2. I am fairly certain it isn’t possible to make instant coffee with raw coffee beans:
 -> Green coffee beans are inert – the human body cannot digest them. It’s a little like eating raw corn, it just goes straight through you.
Instant coffee is made by grinding roasted coffee, making huge batches of filter coffee from it, the boiling and boiling the filtered coffee until only a dry residue is left, which is then put in to jars. This is the only way you can make coffee completely soluable -and also why instant coffee tastes nothing like the real thing. Some companies (and I don;t know about Nestle, so I can’t prove this) – actually have to recreate the smell and taste of real coffee by adding artificial flavourings back in to it afterwards, since the process of making it soluable removes so much of the flavour. This is perfectly legal, and they can still claim it’s ‘made using 100% arabica coffee beans.”… But anyway – roasting is vital to this process, because without roasting, the coffee cannot release any of its oils, flavours, acids or nutrients into the water when making the filter coffee. If you mix water with ground up green coffee beans, you just get water with green beans in it. Therefore, if Nescafe are actually adding 35% raw beans to their blend, it means they’d just end up with instant coffee with a third less flavour than normal. OR, they could be adding the green beans after they’ve made the roasted ones soluable – in which case when you make a cup of this stuff, you should end up with green grit in the bottom of your cup. I shall have to dare to buy some and test this theory.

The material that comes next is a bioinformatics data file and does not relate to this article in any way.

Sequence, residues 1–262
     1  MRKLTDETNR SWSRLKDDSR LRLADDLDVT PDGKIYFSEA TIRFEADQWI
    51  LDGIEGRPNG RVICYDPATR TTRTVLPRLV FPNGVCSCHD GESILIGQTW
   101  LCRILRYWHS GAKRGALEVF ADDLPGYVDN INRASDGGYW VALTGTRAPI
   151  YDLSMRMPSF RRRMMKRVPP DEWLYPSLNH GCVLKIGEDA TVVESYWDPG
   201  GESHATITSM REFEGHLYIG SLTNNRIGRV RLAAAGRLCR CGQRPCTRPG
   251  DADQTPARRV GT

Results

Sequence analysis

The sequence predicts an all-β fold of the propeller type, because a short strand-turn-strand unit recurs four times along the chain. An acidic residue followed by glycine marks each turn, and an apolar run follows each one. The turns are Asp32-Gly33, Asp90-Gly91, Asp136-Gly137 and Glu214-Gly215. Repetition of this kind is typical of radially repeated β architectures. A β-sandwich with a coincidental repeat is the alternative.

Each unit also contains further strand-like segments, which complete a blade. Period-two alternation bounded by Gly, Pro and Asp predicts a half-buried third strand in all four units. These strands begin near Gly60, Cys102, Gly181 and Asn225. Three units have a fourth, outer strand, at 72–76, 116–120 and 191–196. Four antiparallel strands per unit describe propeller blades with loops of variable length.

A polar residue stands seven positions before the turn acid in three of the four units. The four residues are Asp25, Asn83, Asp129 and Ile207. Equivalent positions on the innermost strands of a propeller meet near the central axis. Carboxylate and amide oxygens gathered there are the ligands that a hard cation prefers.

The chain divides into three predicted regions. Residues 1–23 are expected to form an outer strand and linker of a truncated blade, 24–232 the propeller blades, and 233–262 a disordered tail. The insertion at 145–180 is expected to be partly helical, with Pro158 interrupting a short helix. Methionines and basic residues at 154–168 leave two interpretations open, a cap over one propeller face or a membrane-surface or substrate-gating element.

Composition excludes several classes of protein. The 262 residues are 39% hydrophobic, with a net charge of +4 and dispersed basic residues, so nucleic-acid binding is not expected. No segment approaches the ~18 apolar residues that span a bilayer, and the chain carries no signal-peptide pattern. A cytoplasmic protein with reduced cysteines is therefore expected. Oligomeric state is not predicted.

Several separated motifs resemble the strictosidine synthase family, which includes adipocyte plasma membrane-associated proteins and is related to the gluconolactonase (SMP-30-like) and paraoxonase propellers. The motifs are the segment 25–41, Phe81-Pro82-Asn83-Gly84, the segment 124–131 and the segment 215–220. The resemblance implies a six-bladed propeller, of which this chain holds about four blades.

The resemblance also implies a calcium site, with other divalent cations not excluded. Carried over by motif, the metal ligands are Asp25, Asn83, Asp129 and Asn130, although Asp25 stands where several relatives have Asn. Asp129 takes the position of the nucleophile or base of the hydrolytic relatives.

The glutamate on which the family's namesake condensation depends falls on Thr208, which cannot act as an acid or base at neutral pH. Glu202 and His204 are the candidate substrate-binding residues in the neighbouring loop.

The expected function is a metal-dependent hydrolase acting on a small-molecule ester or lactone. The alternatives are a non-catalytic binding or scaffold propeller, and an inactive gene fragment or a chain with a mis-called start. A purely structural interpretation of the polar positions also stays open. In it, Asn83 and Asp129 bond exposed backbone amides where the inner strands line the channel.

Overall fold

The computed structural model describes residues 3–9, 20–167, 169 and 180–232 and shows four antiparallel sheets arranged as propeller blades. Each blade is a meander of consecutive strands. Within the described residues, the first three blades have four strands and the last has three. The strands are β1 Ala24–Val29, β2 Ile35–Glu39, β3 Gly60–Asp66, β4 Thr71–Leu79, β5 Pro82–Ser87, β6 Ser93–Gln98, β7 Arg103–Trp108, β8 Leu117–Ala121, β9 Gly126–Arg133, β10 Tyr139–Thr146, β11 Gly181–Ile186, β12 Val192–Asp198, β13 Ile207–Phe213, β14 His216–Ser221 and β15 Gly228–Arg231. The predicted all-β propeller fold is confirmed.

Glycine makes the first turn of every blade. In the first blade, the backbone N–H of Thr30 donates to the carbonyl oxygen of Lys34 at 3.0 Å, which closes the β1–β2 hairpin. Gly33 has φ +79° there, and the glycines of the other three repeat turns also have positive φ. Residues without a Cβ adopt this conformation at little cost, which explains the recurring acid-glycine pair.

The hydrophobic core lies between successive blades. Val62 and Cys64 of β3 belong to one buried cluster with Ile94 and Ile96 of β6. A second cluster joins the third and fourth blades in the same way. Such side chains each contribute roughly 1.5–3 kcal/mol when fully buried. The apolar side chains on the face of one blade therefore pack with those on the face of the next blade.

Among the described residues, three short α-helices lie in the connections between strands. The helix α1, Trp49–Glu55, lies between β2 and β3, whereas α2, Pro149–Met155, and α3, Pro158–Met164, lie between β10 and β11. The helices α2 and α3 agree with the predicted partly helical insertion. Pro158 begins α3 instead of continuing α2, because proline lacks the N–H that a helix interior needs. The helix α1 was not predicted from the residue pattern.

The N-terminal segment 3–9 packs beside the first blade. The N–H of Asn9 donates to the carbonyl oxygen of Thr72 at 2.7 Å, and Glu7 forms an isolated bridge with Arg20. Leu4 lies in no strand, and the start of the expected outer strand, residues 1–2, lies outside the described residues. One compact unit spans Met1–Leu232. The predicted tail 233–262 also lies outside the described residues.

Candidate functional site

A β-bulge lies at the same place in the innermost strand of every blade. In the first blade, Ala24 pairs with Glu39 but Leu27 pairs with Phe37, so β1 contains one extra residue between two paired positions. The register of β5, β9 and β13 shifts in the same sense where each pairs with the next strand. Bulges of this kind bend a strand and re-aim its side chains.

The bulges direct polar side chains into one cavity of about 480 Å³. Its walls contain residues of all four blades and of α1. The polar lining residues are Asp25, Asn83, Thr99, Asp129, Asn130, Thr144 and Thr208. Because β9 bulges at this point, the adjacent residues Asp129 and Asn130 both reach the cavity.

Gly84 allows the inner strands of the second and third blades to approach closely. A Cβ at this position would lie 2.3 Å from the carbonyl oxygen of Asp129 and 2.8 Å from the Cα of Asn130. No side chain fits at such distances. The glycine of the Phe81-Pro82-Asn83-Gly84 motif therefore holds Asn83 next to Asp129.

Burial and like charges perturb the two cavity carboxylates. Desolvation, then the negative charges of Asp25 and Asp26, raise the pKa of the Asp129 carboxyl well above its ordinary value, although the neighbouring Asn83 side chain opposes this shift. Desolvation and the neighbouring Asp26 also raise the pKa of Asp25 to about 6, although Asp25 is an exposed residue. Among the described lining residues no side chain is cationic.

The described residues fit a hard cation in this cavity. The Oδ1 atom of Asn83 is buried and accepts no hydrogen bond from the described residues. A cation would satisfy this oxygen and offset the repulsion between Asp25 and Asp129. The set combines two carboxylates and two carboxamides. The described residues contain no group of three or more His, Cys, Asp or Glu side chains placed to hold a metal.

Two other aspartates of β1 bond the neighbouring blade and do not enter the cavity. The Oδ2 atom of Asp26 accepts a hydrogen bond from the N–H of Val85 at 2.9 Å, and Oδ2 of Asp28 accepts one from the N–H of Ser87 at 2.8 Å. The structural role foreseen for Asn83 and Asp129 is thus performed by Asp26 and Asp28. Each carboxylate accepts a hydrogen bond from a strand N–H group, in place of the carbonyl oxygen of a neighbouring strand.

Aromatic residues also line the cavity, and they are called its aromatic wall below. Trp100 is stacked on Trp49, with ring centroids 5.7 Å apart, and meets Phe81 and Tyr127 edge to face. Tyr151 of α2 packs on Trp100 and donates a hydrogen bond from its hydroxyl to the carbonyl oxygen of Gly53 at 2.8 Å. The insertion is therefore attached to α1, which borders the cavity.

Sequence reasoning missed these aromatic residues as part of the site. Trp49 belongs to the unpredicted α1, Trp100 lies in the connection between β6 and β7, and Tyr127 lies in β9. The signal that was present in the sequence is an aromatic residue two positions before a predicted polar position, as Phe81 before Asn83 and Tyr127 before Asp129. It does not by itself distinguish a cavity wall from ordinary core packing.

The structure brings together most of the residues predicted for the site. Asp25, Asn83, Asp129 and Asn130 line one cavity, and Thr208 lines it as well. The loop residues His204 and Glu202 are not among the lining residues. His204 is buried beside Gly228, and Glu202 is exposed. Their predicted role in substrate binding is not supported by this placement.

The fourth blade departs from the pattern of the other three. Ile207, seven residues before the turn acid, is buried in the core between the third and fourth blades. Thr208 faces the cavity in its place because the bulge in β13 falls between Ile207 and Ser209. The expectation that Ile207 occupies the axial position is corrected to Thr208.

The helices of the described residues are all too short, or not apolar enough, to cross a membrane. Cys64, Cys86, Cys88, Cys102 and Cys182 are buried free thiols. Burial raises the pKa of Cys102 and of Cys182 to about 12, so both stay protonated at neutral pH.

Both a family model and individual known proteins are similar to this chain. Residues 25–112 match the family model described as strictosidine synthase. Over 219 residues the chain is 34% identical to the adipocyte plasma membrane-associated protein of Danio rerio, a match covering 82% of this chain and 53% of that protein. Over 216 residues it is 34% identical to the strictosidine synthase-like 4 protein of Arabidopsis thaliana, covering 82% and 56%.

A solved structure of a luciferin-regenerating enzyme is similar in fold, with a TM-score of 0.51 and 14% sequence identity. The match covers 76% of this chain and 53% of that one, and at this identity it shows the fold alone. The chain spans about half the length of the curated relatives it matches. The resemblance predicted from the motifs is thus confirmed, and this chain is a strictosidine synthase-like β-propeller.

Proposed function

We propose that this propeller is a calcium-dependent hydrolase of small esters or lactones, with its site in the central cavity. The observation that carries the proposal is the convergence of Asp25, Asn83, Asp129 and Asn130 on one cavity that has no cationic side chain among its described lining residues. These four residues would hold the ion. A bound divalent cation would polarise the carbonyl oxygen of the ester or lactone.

3. The health claims are also a)entirely unnecessary, and b) entirely meaningless. More on this later on. Nescafe seem to have borrowed a cupper to test their latest product – which is akin to getting a professional sommelier to taste Lambrini. But point being, you can’t taste green coffee for the reasons given above, and you certainly can’t taste anti-oxidants….
Here are some reactions to Nescafe’s promotional video from other people which I rather liked:

 “I love the expert view at the bottom. A nutritionist?!? The word is dietitian.”

“To claim oneself to be a dietitian, is to say that you have a degree in dietetics and are a registered health care professional with all the responsibility that goes with it. – ANYONE can claim themselves to be a nutritionist or nutritional therapist – the terms are not protected – it’s a bit like claiming yourself to be a spirit medium.”

“It’d be interesting to know how they claim to add the green beens… You could always call them up and ask them to send you information in connection with your doctorate… see if the bumph they sent you held up to scrutiny. Doesn’t half indigestable coffee count as speciality?”

“The whole idea of adding anti-oxidants to food is erroneous. The body produces its own antioxidants and releases them as required at any one time. Eating more doesn’t mean they even go into the blood stream -they are much more likely to be excreted. Ina large scale trial of giving antioxidants to a group of people who were smokers was abandoned after 6 years as unethical because those in the group that got the antioxidants were 46% more likely to die of lung cancer than those who were given placebos! And yet we’re still getting adverts for foods with added antioxidants.Blah!”

Herein lies the rub.
Even if anti-oxidants are good for you – there are more anti-oxidants in roasted coffee than green coffee anyway. AND you can actually digest them!
Here’s the proof:
Coffee Science Information Centre’s study of antioxidant levels in coffee